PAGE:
Tuesday, June 8, 2010

Senator Callely’s defence of expenses lacks substance

Senator Ivor Callely, (Ivor the Driver) must think the public are a gullible posse of morons, as illiterate as himself but with a screw loose.  He announced that the trauma of rejection following his defeat in the last general election prompted him to move to West Cork – hence the justification for dipping his hand in the public purse and taking over €81,000 from it.  Callely’s fall fro grace in 2007 was cushioned by severance payments of €31,754 in 2007 and €17,465 in 2008.  These were based on 75% of his ministerial salary.  He also received a pension of €677 in 2007 and €8,986 in 2008.

Callely’s flaccid statement to Seanad Éireann on 2 June, indicated that the politicians’ expense regime is complex and there are anomalies in the system. If an expenses regime is so lacking in transparency how can the public have a scintilla of confidence in it?  If it is difficult to explain an expenses regime, designed by politicians for the benefit of themselves, in terms that the general public would regard as fair, reasonable and appropriate, that alone is a powerful argument against such a system.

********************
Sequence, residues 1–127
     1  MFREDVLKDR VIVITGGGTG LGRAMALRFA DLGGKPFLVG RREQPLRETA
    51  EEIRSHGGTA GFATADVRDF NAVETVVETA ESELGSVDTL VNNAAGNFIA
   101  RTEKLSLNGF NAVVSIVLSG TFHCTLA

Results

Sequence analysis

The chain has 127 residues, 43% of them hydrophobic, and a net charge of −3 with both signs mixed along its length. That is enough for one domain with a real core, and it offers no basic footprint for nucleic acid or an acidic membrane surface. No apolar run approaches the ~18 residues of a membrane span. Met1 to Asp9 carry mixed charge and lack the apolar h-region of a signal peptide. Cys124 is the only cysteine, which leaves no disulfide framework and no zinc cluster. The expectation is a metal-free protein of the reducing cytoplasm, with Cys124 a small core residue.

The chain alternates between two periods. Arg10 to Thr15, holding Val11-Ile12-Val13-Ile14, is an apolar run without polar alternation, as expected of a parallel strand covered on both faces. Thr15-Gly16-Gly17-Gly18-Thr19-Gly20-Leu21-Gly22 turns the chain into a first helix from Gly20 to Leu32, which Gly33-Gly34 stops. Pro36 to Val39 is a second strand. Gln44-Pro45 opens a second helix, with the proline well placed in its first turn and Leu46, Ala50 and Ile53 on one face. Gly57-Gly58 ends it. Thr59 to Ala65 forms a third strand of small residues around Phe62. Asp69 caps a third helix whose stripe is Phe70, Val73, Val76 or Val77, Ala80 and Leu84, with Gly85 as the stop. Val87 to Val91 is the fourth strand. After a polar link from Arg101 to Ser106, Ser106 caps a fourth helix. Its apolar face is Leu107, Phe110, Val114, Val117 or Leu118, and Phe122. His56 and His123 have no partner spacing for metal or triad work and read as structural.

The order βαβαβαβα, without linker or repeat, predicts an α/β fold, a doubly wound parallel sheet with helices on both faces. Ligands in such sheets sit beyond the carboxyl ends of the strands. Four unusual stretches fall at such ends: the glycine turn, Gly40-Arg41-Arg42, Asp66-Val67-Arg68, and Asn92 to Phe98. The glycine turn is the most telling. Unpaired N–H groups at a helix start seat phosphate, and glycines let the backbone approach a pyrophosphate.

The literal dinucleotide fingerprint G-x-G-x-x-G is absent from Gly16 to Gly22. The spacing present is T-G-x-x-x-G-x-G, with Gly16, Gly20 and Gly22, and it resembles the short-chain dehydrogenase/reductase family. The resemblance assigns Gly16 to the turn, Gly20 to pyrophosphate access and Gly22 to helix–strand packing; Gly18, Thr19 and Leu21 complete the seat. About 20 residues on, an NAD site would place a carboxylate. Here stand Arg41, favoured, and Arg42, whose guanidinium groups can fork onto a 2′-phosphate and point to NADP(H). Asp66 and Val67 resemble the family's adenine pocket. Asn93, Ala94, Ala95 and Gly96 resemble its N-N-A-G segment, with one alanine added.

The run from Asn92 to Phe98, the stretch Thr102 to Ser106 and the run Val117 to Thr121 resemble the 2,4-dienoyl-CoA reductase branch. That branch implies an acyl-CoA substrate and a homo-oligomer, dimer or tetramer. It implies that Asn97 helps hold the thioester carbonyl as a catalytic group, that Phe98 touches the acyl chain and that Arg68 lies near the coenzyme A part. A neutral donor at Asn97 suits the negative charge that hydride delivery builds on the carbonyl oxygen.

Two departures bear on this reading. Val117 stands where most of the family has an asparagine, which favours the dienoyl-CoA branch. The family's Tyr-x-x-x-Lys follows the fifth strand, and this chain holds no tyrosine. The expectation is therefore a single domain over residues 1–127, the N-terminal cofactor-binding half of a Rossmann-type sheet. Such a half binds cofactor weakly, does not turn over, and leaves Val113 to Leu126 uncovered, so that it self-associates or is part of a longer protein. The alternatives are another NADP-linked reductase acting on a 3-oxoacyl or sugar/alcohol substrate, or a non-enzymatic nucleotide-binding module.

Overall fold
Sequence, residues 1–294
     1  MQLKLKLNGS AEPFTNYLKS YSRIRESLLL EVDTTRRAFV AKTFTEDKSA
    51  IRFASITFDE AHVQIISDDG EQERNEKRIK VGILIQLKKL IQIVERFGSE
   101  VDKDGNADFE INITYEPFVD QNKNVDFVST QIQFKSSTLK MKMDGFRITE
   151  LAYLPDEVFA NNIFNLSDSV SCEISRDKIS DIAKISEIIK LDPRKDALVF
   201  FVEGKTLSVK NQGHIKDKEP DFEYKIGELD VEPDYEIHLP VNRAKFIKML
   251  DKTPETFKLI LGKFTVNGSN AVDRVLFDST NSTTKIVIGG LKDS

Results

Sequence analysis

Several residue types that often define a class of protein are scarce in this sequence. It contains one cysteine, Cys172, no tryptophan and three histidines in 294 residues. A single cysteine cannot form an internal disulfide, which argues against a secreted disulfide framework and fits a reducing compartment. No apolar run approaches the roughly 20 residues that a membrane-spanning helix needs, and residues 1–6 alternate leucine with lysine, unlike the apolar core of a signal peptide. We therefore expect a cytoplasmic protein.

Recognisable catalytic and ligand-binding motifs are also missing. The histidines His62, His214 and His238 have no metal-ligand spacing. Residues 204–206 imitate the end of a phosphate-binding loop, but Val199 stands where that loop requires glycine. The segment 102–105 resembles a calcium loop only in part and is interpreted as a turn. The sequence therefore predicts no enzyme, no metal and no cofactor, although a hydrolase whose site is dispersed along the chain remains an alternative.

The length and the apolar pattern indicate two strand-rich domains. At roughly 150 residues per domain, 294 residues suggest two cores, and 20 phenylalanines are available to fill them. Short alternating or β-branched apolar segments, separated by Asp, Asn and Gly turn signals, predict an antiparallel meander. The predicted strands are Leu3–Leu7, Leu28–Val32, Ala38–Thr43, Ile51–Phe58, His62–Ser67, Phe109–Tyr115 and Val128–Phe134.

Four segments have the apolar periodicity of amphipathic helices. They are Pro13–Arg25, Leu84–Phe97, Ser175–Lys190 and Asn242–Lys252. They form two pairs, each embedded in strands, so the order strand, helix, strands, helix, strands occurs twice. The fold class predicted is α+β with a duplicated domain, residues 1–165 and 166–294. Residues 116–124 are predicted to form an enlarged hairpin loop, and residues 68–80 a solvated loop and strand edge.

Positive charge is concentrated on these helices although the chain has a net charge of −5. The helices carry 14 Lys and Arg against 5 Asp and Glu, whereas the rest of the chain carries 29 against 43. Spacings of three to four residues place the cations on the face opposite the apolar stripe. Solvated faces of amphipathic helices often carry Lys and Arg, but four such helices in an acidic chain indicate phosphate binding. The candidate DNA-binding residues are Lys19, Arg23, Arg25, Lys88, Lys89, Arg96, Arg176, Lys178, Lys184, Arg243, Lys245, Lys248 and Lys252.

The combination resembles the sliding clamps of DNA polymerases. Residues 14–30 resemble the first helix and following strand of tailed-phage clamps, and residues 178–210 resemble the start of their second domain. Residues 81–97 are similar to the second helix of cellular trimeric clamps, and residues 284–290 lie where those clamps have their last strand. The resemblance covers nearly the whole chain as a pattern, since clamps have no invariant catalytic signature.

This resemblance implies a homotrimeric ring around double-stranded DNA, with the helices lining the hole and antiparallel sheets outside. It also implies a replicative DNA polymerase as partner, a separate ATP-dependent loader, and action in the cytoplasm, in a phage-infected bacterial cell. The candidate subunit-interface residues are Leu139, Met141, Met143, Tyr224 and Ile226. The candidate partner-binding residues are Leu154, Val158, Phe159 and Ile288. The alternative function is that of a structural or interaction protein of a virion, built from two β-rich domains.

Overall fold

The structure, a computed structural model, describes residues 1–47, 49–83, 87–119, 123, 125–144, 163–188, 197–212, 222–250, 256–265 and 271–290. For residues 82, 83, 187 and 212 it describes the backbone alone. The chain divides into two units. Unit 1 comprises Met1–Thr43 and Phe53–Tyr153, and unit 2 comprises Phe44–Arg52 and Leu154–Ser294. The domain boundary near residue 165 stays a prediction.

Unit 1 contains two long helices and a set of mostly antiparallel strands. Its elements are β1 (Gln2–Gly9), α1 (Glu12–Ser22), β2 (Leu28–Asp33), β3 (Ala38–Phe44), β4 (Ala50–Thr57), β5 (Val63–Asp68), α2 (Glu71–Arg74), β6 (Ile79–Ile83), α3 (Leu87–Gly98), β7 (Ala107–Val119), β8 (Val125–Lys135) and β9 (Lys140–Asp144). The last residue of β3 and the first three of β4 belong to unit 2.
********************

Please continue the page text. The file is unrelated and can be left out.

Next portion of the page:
Voters expect politicians to be personally responsible and accountable for the expenses they claim. They expect claims to be based only on the reimbursement of costs which are wholly, exclusively and unavoidably necessary in the performance of parliamentary duties. They also expect a level of integrity and verification that is characterised by high a standard of honesty and probity.

Voters will not tolerate politicians being personally enriched at public expense. Why, for example, should politicians be able to claim travel expenses in respect of journeys when they do not use their own vehicles, or are eligible for free travel on public transport? The concept of claiming travel expenses from a variety of widely dispersed personal addresses is indefensible and unacceptable.

If the Select Committee on Members’ Interests investigation determines that payments have been made on foot of expense claims which ought not to have been admissible they must  insist on the immediate reimbursement of such monies, plus interest, before considering other sanctions. By the end of May the cost of interest on the national debt was equivalent to 44% of all income tax revenues collected to date in 2010. If the Government intend to further penalise taxpayers is it not reasonable that issues, such as inadmissible politicians expenses, are fully and promptly resolved at no burden to the taxpayer?

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